Meet AMD’s new tablet APU: The Z-60 delivers Radeon graphics for Windows 8 touch
ARM chips may dominate the tablet space, but AMD will not be daunted. On Tuesday the company announced a new Accelerated Processing Unit (APU) aimed at Windows 8 tablets and other mobile devices that need to sip power in the service of longer battery life.
Just one problem, though: On paper, it doesn't look like AMD's power conservation will beat Intel's.
The new Z-60 APU, AMD’s second stab at the tablet market, is a clear step up from the company’s previous Z-01 APU. The Z-01 saw relatively little traction in an x86 tablet market dominated by Intel’s Atom platform. However, that market was also dwarfed by the vast array of ARM devices running either iOS or Android.
Of course, Microsoft’s imminent announcement of Windows 8 adds a new twist to AMD’s mobile aspirations, with a plethora of new tablets or tablet-like convertible systems arriving, including many based on Intel’s new Z2760 Atom, a.k.a., Clover Trail. AMD would clearly like to get in on the Windows 8 tablet action, and hopes the Z60 will be just the catalyst for a few key design wins.
Like Clover Trail, the Z-60 is a dual-core solution, and improves on AMD’s earlier effort by increasing clock frequency from the Z-01’s 276MHz to a more robust 1GHz. That contrasts with Atom’s top clock frequency of 1.8GHz, but remember, clock frequency rarely scales with real-world performance. More interesting is the inclusion of AMD Radeon class graphics technology, offering 80 GPU cores. That’s likely to outpace Intel on the graphics front. And while the Z-60’s 3D performance is likely to be better than Atom’s, AMD is also claiming better image quality and performance for high-definition video.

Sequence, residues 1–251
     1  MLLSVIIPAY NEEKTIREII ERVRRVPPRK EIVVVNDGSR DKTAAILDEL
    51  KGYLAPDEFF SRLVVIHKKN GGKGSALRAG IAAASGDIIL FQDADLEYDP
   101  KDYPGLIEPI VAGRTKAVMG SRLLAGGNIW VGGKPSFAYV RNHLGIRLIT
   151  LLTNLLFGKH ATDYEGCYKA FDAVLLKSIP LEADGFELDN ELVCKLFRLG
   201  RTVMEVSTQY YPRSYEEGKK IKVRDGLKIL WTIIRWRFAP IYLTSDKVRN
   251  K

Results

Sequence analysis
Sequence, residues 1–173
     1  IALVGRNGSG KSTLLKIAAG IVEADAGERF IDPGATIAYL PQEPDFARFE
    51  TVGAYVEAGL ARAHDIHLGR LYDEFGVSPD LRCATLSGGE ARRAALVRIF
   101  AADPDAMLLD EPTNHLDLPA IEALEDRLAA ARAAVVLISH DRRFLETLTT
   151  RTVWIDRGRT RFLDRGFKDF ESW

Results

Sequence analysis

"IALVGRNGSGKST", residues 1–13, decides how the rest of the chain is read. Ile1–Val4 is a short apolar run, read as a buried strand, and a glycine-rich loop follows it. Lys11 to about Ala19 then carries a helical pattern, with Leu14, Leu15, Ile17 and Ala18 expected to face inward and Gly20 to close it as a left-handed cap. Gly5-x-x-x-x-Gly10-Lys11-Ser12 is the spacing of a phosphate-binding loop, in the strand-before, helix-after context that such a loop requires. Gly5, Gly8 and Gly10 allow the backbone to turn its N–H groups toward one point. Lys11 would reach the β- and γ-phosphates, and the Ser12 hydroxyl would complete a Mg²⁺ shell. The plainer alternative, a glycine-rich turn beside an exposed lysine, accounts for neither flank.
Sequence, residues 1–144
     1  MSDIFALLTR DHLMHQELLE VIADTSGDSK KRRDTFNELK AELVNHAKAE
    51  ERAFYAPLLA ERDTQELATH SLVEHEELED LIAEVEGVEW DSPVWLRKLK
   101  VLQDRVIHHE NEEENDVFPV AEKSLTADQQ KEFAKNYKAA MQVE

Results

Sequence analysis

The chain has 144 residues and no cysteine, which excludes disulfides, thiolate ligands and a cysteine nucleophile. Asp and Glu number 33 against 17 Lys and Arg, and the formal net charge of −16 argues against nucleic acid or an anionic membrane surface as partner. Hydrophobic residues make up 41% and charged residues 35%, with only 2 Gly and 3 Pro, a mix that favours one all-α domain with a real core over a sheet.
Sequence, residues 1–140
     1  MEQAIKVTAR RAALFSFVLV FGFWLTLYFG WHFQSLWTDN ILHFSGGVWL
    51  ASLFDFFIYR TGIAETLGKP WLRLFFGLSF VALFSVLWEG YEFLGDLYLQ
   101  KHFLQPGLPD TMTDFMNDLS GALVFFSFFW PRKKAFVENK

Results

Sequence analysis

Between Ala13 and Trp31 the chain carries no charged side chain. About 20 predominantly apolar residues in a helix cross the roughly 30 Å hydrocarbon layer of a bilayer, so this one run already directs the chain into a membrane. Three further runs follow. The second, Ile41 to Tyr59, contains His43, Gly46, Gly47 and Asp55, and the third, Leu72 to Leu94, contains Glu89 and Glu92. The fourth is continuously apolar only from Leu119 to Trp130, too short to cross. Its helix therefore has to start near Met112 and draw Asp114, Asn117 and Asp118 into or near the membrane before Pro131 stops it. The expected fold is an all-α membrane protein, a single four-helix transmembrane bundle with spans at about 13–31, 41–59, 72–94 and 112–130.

What’s troubling, though, is the power spec of the Z-60. All this graphics goodness comes at a price: The Z-60’s rated power is 4.5W, somewhat higher than Intel’s claimed 1.7W for the Atom Z2760. What that could mean for Intel is either longer battery life than an equivalent AMD-based unit, or lighter weight battery packaging for the same amount of battery life.
In essence: Customers will have to choose between possibly better graphics or longer battery life.
The other problem for AMD is that it’s late to the x86 tablet party. While Intel-based designs are already being shown and shipped, AMD stated that products based on the Z-60 won’t launch until the end of the year. Given the importance of the holiday season, it’s unclear how much impact AMD’s Z-60 will actually have on the overall tablet product mix.
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